Natural Art: The Photography of Brad Hill

A Killer Scene

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In the Field

A Killer Scene. Northern Vancouver Island, BC, Canada. August 8, 2015.

Killer Whales (AKA Orcas) are absolutely fascinating animals. And, most humans' attitudes toward these highly intelligent and sentient marine mammals have evolved dramatically over the years. Decades ago they were known simply as Black Fish, and many viewed them as dangerous predators that the world would be best without. Today, they're among the most beloved of animals and considered to be icons that strongly symbolize the power, beauty, and wonder of nature. If we could only transition the public's view towards wolves, grizzlies, sharks and other apex predators in a parallel fashion we'd be getting somewhere!

As photographic subjects Killer Whales are extremely challenging. While they WILL breach and perform other eye-catching above-water antics (including spy-hopping and tail-slapping), most of the time all you get are dorsal fins! One approach I like to take when photographing Killer Whales is to create expansive animalscapes that show them as part of a larger overall scene. Animalscapes are always very tough to capture (and process from raw), at times even just finding appropriate scenes with wildlife in them is a major challenge. Fortunately, the place where I most commonly photograph Killer Whales (in and around the Johnstone Strait of Vancouver Island) commonly presents photographers - at least those who are willing and able to see the "big picture" - with some fantastic (and moody) backdrops. In this shot a large bull is accompanied by two smaller Killers as they swim along the fog-shrouded coast of Vancouver Island. Those wishing to read more about creating photographic animalscapes are encouraged to read this piece - "Subject Dominance - Just How Big?". You can also view numerous examples of animalscapes in (not surprisingly) my Animalscapes Gallery.

Animalscapes always looked better BIG - so here's a higher resolution version of the shot (2400-pixel) for your perusal:

A Killer Scene: Download 2400 pixel image (JPEG: 1.9 MB)


1. This image - in all resolutions - is protected by copyright. I'm fine with personal uses of them (including use as desktop backgrounds or screensavers on your own computer), but unauthorized commercial use of the image is prohibited by law. Thanks in advance for respecting my copyright!

2. Like all wildlife images on this website, the subject(s) is/are fully wild and completely unconstrained. Besides the potential impact of my presence, nothing has been done to intentionally alter or affect the ongoing behavior of the subject and, of course, there has been no use of any form of bait or other form of wildlife attractants (including vocalizations).

3. This image was captured during my mid-summer "Humpbacks, Orcas, Sea Lions & More" photo tour in August of 2015. Each year I offer trips into two different parts of the Great Bear Rainforest as well as one to photograph marine mammals and oceanscapes near the northern tip of Vancouver Island. And, in selected years, I also offer photo tours to locations to capture other highly sought-after subjects, such as various boreal owl species and wildlife of Canada's Arctic. Details about these trips can be found on the Photo Tours page of this website.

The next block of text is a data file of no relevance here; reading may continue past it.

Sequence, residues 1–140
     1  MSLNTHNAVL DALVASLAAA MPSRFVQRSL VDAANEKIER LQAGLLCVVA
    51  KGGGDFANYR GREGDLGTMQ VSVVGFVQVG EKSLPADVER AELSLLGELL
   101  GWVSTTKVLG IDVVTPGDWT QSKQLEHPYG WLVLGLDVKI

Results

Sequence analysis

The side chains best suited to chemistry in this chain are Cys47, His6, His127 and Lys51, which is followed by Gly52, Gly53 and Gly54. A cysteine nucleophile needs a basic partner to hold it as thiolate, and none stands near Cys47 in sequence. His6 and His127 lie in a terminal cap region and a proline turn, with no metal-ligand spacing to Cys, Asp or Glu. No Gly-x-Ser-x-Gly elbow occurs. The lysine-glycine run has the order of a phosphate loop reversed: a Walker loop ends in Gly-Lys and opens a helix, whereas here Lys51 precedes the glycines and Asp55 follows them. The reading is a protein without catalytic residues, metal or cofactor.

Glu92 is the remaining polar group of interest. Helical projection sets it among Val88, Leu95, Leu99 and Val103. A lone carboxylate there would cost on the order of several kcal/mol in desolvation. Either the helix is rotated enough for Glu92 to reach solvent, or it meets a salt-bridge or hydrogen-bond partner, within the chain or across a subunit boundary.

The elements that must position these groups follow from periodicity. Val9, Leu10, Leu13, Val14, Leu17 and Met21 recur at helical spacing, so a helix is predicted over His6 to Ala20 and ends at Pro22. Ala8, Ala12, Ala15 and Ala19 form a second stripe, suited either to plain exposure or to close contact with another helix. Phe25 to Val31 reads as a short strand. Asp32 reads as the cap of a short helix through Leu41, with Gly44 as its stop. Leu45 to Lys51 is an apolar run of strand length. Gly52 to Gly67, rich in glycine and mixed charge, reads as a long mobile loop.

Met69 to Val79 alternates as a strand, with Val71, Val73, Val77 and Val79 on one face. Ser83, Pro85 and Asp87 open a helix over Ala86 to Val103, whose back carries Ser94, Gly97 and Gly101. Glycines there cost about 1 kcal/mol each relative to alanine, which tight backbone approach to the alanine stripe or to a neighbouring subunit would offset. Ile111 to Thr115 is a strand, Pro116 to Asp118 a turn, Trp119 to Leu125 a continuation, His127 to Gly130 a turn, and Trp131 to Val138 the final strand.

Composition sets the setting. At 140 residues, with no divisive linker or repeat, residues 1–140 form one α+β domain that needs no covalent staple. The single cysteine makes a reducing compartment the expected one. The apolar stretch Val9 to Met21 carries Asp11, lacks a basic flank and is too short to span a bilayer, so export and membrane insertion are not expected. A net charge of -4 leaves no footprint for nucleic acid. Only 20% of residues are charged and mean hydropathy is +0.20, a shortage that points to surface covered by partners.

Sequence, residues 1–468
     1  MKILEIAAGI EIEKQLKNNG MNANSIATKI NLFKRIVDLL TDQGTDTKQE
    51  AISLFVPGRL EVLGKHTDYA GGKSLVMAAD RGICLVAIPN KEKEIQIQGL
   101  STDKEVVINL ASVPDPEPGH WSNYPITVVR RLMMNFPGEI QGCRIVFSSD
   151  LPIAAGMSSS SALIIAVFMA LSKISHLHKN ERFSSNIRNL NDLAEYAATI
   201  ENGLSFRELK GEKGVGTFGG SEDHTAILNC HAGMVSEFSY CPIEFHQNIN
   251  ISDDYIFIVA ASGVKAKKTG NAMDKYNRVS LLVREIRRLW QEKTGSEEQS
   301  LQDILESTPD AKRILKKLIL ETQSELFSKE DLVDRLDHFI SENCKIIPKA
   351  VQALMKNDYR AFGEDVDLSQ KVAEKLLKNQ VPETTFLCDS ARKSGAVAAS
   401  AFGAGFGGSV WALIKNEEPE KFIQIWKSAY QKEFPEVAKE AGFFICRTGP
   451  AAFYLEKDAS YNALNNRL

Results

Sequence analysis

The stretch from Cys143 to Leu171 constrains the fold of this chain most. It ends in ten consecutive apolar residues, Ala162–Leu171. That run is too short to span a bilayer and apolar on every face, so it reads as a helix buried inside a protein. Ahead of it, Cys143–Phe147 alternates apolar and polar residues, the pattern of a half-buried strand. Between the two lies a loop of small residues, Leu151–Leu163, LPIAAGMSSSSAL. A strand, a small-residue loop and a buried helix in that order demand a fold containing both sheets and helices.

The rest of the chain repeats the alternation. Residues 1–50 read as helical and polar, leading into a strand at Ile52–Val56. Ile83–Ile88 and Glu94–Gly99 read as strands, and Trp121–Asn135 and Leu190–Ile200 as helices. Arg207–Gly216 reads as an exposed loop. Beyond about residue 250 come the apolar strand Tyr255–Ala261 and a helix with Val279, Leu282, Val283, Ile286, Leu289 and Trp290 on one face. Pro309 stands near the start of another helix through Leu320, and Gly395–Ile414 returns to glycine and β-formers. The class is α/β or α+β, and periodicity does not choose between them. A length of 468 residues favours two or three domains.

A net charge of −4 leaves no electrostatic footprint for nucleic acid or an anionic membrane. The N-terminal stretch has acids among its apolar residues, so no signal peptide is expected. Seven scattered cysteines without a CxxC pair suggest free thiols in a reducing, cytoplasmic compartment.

Behind the Camera

A Killer Scene. Northern Vancouver Island, BC, Canada. August 8, 2015.

Digital Capture; Compressed RAW (NEF) 14-bit format; ISO 400.

Nikon D750 paired with Sigma Sport 150-600mm zoom at 230mm. Hand-held from sailboat; optical stabilization on and in OS1 mode.

1/800s @ f7.1; no compensation from "recommended" matrix-metered exposure setting.

At the Computer

A Killer Scene. Northern Vancouver Island, BC, Canada. August 8, 2015.

RAW Conversion to 16-bit TIFF using Phase One's Capture One Pro 8. Global Levels adjustment (redefinition of black and white points) performed during raw conversion.

Further digital corrections on resulting 16-bit TIFF file using Adobe's Photoshop CC 2015 and Light Crafts Lightzone. Photoshop adjustments included for separate selective curves adjustments (using adjustment layers) and selective sharpening for web output. Final tweaking of tones and exposure balance performed using LightZone's "tonemapper" and "zonemapper" tools.


A Killer Scene. Northern Vancouver Island, BC, Canada. August 8, 2015.

Ten percent of the revenue generated by this image will be donated to Raincoast.

Species Status in Canada*: Endangered - Northeast Pacific southern resident population; Threatened - Northeast Pacific transient population and the Northeast Pacific northern resident population; Special Concern - Northeast Pacific offshore population.

Killer Whales (Orcinus orca) have an extremely high profile in modern pop culture and have become the "poster child" of a number of conservation groups. In most areas where Killer Whales are found they show a remarkable ability to adapt to a variety of habitats - they are found in all oceans, in water ranging in temperature from below 0 Celsius to almost hot tropical waters, and will occasionally even spend significant amounts of time in brackish water or even rivers.

Because the population sizes of Killer Whales are very low and because they have a very low reproductive rate, they face immediate risk from human-related environmental disturbances, including the immunotoxic effects of toxic chemicals we pour into the oceans and to reduction in prey availability (such as salmon).

For more information on the status of Killer Whales in Canada, go to: and search under "Killer Whale".

*as determined by COSEWIC: The Committee on the Status of Endangered Wildlife in Canada